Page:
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SPORTS
September 30, 2015 | By Mike Jensen, Inquirer Staff Writer
They were just unpacking the GPS devices from the boxes in Penn's basketball offices. For their cars? No, for practice. Every Quakers men's hoops player is going to get a tracking device for the back of his jersey. It weighs about an ounce. "I don't know if we're allowed to wear them in games or not," said men's basketball coach Steve Donahue. "We're trying to figure that out. " Miles toiled will be added to a database that closely monitors sleep and nutrition and - here's where things really get state-of-the-art - individual traits such as load and explode and drive abilities.
NEWS
September 2, 2015 | By Maddie Hanna, Inquirer Trenton Bureau
Just how does FedEx track millions of packages - and can the same technology be adapted, as Gov. Christie said over the weekend, to track visitors who overstay their visas? "If FedEx can do it, why can't we use the same technology to do it?" Christie, a Republican presidential candidate, told an interviewer over the weekend as he joined the debate over border controls. FedEx declined to comment on Monday on Christie's remarks, but a former executive at the company described its tracking system as commonplace.
NEWS
May 24, 2015 | By Paul Jablow, For The Inquirer
Every so often, airport screening personnel around the world have been greeted by a strange sight: A tall, red-haired Englishman carrying a clear plastic box with thin tubes and pulleys nestled inside. "Yes, I have had some interesting experiences with that," said Jason Launders, explaining his invention as he sat in a windowless lab in Plymouth Meeting. "Try to explain it to a bunch of Germans. " The scientist created the motorized contraption, which the ECRI Institute uses to test the accuracy of high-tech CT scanners around the world by imitating the function of the human heart.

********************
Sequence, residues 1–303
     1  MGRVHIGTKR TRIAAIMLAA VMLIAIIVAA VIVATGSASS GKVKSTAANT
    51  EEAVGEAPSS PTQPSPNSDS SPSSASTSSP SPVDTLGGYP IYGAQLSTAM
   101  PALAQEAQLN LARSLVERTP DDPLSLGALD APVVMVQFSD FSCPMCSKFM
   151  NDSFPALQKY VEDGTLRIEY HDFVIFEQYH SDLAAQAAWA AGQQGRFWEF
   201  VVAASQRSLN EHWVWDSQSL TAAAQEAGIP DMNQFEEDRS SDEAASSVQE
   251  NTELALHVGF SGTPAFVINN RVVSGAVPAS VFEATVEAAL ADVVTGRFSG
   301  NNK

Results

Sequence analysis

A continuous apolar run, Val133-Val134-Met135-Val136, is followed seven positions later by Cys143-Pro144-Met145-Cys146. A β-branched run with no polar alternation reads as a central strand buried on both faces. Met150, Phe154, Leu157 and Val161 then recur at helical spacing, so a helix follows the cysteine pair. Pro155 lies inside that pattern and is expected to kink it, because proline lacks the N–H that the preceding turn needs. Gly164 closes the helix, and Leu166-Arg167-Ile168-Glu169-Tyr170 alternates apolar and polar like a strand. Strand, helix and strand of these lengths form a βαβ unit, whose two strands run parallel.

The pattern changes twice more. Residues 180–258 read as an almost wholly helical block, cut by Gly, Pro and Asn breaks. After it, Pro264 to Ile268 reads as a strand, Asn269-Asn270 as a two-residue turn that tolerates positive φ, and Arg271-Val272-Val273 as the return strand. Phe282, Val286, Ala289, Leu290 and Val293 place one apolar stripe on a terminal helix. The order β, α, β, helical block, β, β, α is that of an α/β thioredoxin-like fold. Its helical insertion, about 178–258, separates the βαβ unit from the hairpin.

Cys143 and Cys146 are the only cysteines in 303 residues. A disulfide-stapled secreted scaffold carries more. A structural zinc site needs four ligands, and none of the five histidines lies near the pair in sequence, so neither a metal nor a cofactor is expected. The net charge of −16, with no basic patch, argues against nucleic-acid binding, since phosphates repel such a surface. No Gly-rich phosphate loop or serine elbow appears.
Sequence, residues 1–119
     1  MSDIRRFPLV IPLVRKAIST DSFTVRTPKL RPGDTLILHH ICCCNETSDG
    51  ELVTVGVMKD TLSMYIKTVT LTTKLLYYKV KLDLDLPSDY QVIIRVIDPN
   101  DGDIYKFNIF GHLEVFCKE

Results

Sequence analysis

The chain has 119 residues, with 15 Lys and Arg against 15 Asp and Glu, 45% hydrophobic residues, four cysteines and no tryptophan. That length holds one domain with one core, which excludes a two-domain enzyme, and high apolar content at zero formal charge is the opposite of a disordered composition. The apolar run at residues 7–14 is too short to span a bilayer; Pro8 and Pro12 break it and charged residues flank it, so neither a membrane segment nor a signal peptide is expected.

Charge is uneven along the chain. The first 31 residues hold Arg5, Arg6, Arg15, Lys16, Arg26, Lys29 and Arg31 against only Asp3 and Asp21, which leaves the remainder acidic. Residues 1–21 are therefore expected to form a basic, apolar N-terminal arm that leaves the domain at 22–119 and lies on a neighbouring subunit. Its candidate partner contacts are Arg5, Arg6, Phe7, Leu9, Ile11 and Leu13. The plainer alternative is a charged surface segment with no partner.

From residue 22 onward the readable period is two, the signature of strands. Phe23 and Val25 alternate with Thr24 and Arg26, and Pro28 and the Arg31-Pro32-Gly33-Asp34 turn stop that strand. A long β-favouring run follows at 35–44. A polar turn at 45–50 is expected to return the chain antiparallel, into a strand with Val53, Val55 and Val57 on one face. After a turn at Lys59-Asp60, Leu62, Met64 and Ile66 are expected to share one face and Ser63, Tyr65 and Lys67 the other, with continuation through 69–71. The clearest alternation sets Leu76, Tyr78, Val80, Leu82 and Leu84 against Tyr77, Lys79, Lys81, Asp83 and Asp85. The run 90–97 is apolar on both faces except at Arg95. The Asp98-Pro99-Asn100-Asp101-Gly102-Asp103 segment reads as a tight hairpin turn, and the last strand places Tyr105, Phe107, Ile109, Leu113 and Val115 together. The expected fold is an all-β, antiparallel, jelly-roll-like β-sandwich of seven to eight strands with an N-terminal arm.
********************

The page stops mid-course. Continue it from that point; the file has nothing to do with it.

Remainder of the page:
ENTERTAINMENT
April 11, 2015 | By David Patrick Stearns, Inquirer Music Critic
The play begins with a disembodied head, tastefully parked in the middle of a table, amiably conversing with some sort of technician - in what could be a Samuel Beckett play or the sci-fi film The Brain That Wouldn't Die . But that isn't InterAct Theatre's style. No, this was the latest new work by resident playwright Thomas Gibbons ( Permanent Collection , etc.) titled Uncanny Valley - an important exploration of the technological possibilities of immortality. It opened Wednesday at the Adrienne, traveling similar territory as Caryl Churchill's A Number (about cloning)
REAL_ESTATE
February 23, 2015 | By Alan J. Heavens, Inquirer Real Estate Writer
Last week, I talked about trends associated with the winners of the National Association of Home Builders' Best in American Living Awards. Today's topic: the results of Better Homes & Gardens' annual survey of its readership, which I have been writing about, seriously or tongue-in-cheek, for the last seven years, although its informal version was part of a panel discussion at the builders group's annual trade shows for much longer than that....